Turning the Wheel

This contribution to the March RPG Blog Carnival is really nothing more than a small suggestion which tries to suggest a means of bringing a healthy balance of the interrelationship of living and dying to the stories into which a group invests their time. What sort of game could we have if the characters played chose to take an active hand in turning the wheel of life, and heavily invested their time in seeding the earth of their own graves with the fruits of their wisdom and experience?

That death is a big part of life goes without saying, mostly because of how often it gets written. The killing aspect of death also generates a lot of words among out particular group of hobby commentators, either in terms of how to do it better, faster, grittily, or more realistically, or in terms of, ‘Don’t hate me because I pretend to kill things.’

A few months ago, I was discussing play styles with an old gaming buddy, and afterward wrote an entry called Random Encounter: Analyst’s Couch, which takes a poke at the stereotypical fantasy hero which many of us move past playing early in our gaming lives, but in whose shadow gamers everywhere seem to be forced to stand, regardless of the expansion, progression, and diversification of the hobby.

I think most of us get a good chuckle thinking way back through the hoary mists of time to our first forays into dice-controlled make-believe, and the simple pleasure we found imagining life and death struggles without the attendant burdens of grass stains and skinned knees. The gradual evolution from uni-dimensional to multi-dimensional characters, stories, and story arcs is often one of changing the group’s understanding of the lives of the PCs and adding detail and consequence to the death of the NPCs. While it is of course more complicated than that, in terms of this month’s blog carnival theme, this description will do.

In my generation games, which I primarily like to run for Call of Cthulhu or Vampire, I like to include a lot of details like births and deaths, changes of fortune, and other mundane but important aspects of living which significantly alter or curtail the lives of those with whom the characters interact or are related. As I mentioned in my previous post, I tend not to do this in my more classically structured games, partly because they tend to be focused on resolving events, and partly because the characters tend to be generated with less meat on which to feed.

One thing that I have wanted to do to a greater degree than I have, is to turn certain things on their heads, such as the typical group generating young characters at the start of their careers. I think it would be interesting to run a campaign where the intent was to retire. Even when a group chooses to play a higher-powered group of experienced heroes from the start, this is not exactly the same thing. In fiction and film, we often see the older mentor wrestling with fear of no longer being up to a challenge, or with the difficult task of letting go of a cherished pupil. We see them wonder if they should not shoulder the burden of the latest quest themselves, but try to have faith that their student can overcome it. We see them advise, train, correct, and reward promising students, and we almost always hear of one that was cast out after a turn toward villainy. These are hard decisions, and no story should ever assume that the pupil is actually ready, or that the mentor is not full of blind pride.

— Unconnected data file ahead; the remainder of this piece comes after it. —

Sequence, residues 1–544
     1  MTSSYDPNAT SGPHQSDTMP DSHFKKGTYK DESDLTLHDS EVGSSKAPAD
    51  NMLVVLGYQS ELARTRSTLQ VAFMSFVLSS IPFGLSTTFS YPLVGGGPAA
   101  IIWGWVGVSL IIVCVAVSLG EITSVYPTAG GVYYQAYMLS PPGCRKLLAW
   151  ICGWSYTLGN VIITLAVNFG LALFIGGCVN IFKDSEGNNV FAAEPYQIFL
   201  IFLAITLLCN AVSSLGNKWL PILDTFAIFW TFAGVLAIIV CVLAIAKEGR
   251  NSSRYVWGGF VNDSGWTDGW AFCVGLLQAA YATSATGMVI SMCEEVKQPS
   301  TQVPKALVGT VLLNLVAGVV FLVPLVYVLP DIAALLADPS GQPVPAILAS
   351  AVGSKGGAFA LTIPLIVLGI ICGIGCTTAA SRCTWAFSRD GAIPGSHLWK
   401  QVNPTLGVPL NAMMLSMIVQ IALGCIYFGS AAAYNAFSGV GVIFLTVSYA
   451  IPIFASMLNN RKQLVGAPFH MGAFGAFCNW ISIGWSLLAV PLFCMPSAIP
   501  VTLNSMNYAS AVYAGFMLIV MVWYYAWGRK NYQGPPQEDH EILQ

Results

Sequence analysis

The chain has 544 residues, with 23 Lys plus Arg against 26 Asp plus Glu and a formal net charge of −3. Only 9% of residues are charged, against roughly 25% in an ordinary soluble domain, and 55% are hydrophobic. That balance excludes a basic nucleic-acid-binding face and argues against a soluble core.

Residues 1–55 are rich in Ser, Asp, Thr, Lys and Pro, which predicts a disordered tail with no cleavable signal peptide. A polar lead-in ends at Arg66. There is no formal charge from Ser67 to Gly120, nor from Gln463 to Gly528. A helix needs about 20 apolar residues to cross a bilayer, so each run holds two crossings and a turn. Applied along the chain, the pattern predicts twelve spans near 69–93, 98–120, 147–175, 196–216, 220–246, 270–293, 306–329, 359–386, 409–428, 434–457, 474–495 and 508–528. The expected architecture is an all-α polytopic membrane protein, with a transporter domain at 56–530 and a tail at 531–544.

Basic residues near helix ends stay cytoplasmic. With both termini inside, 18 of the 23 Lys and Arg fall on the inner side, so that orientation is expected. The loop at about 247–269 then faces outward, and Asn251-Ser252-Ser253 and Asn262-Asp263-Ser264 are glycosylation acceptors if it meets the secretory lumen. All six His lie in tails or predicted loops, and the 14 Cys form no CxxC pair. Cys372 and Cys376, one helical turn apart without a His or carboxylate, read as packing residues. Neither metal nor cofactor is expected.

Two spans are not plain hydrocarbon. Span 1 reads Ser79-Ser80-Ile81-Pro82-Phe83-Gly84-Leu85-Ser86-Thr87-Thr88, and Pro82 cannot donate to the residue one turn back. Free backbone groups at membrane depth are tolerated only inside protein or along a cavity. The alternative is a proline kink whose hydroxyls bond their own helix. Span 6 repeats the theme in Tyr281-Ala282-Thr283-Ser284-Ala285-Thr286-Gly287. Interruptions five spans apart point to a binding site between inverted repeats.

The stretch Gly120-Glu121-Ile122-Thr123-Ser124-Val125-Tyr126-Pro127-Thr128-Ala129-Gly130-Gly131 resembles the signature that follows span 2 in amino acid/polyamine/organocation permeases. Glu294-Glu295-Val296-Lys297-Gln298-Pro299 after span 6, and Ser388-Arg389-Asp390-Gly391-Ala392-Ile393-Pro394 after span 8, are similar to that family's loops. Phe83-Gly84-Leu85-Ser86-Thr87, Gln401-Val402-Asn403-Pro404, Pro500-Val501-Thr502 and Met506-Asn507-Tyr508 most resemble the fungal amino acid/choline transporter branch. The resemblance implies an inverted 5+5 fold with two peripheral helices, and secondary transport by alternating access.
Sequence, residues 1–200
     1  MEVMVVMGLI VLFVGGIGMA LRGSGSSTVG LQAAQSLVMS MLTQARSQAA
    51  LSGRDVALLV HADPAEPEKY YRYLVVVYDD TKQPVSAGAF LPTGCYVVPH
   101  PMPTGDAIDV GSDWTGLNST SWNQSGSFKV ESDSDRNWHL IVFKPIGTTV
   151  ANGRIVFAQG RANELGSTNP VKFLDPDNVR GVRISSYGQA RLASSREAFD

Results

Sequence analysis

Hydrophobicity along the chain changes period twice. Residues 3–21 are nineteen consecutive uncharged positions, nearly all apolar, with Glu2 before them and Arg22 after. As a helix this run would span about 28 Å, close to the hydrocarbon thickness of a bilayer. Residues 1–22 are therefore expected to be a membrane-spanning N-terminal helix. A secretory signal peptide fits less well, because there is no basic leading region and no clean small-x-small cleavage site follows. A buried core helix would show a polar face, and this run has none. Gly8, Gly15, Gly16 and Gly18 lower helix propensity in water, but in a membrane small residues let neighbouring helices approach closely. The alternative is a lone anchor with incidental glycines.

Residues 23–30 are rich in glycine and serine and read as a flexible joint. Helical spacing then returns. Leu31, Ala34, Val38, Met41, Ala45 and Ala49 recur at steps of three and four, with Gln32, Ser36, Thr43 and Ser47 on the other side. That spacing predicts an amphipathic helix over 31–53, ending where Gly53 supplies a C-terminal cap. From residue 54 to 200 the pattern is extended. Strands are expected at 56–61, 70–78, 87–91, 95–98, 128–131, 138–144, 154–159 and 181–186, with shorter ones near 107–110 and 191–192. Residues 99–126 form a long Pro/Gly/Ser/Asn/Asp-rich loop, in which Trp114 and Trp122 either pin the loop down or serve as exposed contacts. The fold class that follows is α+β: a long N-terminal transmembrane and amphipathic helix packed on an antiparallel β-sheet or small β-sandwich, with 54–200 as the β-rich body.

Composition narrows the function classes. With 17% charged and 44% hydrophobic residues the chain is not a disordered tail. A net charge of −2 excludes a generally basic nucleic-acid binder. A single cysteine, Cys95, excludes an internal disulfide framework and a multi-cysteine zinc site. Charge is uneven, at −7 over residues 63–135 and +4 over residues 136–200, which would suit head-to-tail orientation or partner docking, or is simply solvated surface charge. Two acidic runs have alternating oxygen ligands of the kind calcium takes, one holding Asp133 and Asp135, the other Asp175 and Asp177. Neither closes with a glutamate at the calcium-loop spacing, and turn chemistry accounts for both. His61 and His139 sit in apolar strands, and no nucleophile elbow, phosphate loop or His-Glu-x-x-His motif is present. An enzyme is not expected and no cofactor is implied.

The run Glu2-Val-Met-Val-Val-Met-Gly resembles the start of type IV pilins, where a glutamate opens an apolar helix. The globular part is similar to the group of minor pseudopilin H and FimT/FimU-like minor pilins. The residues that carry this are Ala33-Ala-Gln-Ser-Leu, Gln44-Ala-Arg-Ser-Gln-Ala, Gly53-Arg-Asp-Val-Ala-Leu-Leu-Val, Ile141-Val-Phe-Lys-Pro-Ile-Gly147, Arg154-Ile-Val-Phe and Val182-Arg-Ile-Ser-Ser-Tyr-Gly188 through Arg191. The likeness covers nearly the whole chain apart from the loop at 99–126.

It strikes me that there is as much at the end of a hero’s career to keep a campaign full and exciting as there is at the beginning. Instead of treasure and experience points to be sought, players would be seeking out ways to contribute to the world around them, and prepare themselves against the end times of their lives. Pupils might be sought, or towns might be founded or their development influenced. Villains might return for one last round, or a new villain – inspired to seek greatness over the body of a legend might show up looking for a fight. More interestingly, a nemesis, might change their ways, and force that change down a hero’s unwilling throat. Building projects, families reaching maturity, the loss of pets and steeds to the ravages of time, the commissioning of a proud weapon from the best smiths for a favored newcomer… A group versed in troupe style play could explode this idea into endless permutations of view points spanning generations of quests, growing in experience, aging, and passing on the torch; so much life, founded in the simple idea of approaching death. Even though most of the above examples appear to be drawn from fantasy, there is just as much, if not more to take on in any other genre. In my own gaming, I would love to take this approach for my next run at Aces & Eights.

RPGBloggers Carnival

March is all about living and dying

While this ‘twilight years’ approach to campaign design is nothing new, I suspect I am not alone in not having done it to any significant degree, nor do I expect there to be many groups who have chosen to take it on intentionally. Long-lived campaigns wherein characters age and are finally retired, such as one must do with Pendragon, or can choose to do with pretty much any other game, do not seem to be in the majority. If few games live to such maturity, and yet there are vast story and character opportunities to be mined at the end of the characters’ possible arcs, it strikes me that this is one area just waiting for us, the aging and experienced gaming community, to sink in our carefully maintained teeth, and shake heartily.

2 Responses to “Turning the Wheel”
  1. johnnfour says:

    Nice post. Especially liked the idea of a retirement campaign.

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